Apart from that, Vanishing Point have done themselves proud with Distant Is The Sun. They capture their genre’s melodramatic glory by relying on guitar muscle and melodic flair and not so much on symphonic bravado. This record should win back long-time Vanishing Point fans as well as attract new followers who enjoy Kamelot, Sonata Arctica, Silent Force, and other similar bands. And when an album can succeed with that goal, you know you’ve got a winner.
Highlights: “King Of Empty Promises,” “Where Truth Lies,” “Let The River Run,” “April”
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Deciding whether to buy Distant Is The Sun from Amazon? Let me know whether you found my review helpful by clicking here and selecting either “Yes” or “No.”
Coming Soon: The next Music Monday Review will cover another excellent album – Stream Of Passion’s A War Of Our Own! I’ll also post a Recent Read later this week on Insurgent, the second book in Veronica Roth’s “Divergent” trilogy.
As you may already know, I’m celebrating 5 years of writing for Sonic Cathedral by counting down my 20 favorite artists covered at the SC WebZine. I revealed Artists #20 through #16 last week. Today, it’s time to reveal #15 through #11. So let’s continue!
By the way, a big apology that the artist photos in the previous SC Retrospective article. I’m not sure what happened in the uploading process, since they were all of decent size to begin with.
Edenbridge have been quiet over the past two years, and for good reason. Members of the Austrian symphonic power metal band endured personal hardships during that time, leading to the delay in recording new music. But as the saying goes, “good things come out of bad situations.” Edenbridge’s eighth studio album, The Bonding, weaves tales of pain, loss, and revelation into the band’s signature mix of majesty and mysticism. In my opinion, The Bonding is much stronger than Edebridge’s previous effort, 2010’s Solitaire, especially with the live orchestra. As I said in my review of The Bonding, you’ll hear “not only the band’s signature majesty, but also catharsis and hope.”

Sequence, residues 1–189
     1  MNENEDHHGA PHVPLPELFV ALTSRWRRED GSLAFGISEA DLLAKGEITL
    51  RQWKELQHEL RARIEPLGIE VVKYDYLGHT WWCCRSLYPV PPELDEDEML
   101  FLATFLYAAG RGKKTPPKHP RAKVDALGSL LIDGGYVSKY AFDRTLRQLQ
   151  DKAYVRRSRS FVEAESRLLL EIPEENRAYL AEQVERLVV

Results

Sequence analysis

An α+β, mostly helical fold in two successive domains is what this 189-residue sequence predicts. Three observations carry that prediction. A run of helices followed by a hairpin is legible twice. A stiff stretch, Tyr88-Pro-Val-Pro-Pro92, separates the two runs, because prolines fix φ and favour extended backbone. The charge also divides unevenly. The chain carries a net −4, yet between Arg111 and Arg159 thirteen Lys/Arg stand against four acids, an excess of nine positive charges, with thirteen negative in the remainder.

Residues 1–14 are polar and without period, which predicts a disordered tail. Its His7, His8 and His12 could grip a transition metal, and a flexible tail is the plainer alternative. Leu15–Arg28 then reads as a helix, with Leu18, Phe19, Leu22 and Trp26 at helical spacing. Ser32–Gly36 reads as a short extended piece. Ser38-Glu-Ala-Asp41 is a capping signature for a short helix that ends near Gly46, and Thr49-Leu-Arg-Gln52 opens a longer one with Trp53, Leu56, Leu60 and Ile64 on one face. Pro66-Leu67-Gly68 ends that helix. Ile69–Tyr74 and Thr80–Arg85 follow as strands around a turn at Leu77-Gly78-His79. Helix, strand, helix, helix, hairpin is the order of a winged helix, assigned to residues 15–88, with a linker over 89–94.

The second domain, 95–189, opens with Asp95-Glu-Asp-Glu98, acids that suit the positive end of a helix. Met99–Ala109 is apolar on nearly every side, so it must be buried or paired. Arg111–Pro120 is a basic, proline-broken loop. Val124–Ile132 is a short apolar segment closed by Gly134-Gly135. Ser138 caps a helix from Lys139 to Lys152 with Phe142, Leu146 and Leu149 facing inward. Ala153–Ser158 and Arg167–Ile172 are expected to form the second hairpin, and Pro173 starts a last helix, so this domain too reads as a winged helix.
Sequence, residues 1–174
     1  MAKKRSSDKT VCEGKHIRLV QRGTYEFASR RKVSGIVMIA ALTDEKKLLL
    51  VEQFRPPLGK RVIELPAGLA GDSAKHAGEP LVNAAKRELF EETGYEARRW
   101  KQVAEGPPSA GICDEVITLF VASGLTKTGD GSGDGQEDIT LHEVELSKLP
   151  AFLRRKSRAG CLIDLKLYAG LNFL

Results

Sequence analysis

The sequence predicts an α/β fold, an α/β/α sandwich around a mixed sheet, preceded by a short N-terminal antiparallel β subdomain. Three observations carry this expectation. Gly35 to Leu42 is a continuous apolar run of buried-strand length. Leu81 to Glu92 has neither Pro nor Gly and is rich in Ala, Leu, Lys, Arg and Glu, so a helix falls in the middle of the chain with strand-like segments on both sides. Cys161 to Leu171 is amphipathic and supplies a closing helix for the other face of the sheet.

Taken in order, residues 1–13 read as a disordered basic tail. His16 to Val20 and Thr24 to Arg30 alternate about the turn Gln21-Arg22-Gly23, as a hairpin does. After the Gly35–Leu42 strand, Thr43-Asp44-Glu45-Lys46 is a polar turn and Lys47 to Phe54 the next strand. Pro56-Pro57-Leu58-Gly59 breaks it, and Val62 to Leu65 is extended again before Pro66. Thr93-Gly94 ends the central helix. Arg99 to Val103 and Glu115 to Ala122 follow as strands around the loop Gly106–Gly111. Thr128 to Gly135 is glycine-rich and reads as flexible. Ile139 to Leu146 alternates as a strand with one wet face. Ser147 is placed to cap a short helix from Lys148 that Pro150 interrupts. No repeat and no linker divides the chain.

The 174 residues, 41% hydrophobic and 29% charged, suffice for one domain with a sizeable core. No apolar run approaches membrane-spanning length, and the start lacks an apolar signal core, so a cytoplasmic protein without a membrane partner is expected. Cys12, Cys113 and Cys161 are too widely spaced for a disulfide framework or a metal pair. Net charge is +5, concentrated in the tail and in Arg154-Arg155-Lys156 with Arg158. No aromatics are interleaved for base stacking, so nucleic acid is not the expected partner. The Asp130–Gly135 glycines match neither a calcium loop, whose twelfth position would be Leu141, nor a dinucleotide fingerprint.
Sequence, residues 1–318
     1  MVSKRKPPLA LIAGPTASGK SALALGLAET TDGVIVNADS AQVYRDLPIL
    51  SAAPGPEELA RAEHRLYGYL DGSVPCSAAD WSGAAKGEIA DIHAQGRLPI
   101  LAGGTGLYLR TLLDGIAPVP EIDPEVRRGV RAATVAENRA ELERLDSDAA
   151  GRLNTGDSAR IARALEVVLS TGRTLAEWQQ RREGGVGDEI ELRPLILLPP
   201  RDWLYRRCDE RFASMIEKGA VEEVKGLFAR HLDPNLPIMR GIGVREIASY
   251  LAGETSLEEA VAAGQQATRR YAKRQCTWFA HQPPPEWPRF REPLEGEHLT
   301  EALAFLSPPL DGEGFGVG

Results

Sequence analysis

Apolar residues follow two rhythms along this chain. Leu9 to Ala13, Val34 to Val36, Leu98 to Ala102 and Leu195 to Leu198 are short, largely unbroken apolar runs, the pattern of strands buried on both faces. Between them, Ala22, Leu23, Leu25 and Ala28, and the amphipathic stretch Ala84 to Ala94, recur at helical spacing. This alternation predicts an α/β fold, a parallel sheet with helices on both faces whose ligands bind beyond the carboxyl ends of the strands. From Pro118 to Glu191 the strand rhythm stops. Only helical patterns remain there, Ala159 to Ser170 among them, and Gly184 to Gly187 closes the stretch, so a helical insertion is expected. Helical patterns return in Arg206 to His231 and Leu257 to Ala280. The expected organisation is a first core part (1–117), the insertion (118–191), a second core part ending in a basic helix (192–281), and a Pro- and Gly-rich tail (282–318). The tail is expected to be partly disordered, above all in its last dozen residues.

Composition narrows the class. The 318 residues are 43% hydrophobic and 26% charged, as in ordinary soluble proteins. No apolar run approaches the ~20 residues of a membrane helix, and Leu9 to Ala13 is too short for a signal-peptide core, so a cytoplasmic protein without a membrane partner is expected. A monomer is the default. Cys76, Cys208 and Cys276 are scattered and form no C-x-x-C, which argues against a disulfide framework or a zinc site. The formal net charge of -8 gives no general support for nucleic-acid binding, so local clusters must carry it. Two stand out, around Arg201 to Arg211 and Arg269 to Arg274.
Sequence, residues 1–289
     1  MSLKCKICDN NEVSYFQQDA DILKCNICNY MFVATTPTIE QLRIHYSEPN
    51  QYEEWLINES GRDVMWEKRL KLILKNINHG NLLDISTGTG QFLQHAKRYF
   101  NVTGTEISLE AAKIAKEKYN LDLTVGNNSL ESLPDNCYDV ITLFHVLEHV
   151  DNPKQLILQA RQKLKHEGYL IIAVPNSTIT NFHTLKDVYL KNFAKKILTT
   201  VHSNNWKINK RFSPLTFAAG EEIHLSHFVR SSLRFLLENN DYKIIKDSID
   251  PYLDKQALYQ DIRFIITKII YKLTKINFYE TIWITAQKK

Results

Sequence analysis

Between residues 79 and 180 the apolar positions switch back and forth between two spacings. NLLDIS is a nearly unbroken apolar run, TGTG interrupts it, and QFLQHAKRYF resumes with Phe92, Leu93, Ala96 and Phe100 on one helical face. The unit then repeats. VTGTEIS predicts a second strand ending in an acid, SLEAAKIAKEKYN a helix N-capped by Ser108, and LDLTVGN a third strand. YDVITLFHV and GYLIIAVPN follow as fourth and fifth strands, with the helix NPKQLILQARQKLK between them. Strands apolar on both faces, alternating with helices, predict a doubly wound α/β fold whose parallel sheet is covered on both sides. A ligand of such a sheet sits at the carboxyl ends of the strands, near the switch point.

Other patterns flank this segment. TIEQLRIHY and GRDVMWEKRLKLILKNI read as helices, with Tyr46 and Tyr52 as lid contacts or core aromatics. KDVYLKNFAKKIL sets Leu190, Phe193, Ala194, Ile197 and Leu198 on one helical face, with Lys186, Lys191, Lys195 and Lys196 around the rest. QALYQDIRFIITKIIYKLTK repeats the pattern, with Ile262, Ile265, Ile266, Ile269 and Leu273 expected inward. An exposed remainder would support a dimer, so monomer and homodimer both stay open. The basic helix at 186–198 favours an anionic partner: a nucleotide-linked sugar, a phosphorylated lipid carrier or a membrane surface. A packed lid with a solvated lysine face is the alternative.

Here’s the official music video for “Alight A New Tomorrow,” the first single from The Bonding. It shows Edenbridge’s commercial side without compromising their music’s ethereality or the orchestra’s bombast. And I guarantee this song will be stuck in your head before you know it.
Coming Soon: It might be a quiet here for a few days. I will have a couple open mic appearances to announce soon. As for projects, my review of Agharti’s debut album Change is underway, and two other reviews (new released by Baliset and Second Empire) are also on my to-do list. Between working on those, my book, and poetry, who knows what will be ready first? 😉
As soon as Frontier Records announced they would release a new metal opera manned by ex-Stratovarius guitarist Timo Tolkki, The Land Of New Hope became one of the most highly anticipated albums of 2013. And for good reason. In addition to being the (latest) comeback for the legendary power metal shredder and songwriter, it boasted an all-star vocal lineup: Russell Allen (Symphony X), Elize Ryd (Amaranthe), Sharon den Adel (Within Temptation), Rob Rock (Impellitteri), Tony Kakko (Sonata Arctica), and Michael Kiske (Unisonic, ex-Helloween).
Does this first Avalon album live up to all of its promises? Depends on who you ask, I guess. Other reviewers have heaped on the praise for The Land Of New Hope. As for me, I enjoyed hearing Elize Ryd thrive as the central vocalist and thought the album was an easy, breezy power metal jaunt overall. But, in all honesty, The Land Of New Hope “pledges a magnificent journey but takes the listener on a relatively dull one instead.”
Here’s the official music video for “Enshrined In My Memory,” the album’s first single. Elize sounds very comfortable and confident on this song. Then again, her recent work with Kamelot may have prepared her for this kind of role. The song itself could benefit from stronger melodies, in my opinion. But it does get stuck in your head after a while, and I didn’t mind it doing so.
Coming Soon: My report on the 2013 Massachusetts Poetry Festival, and my website’s recent nomination for the Liebster Award.
Since I wrote these two reviews one right after the other, I decided to wait until both were online at Sonic Cathedral before posting them here. So, here they are!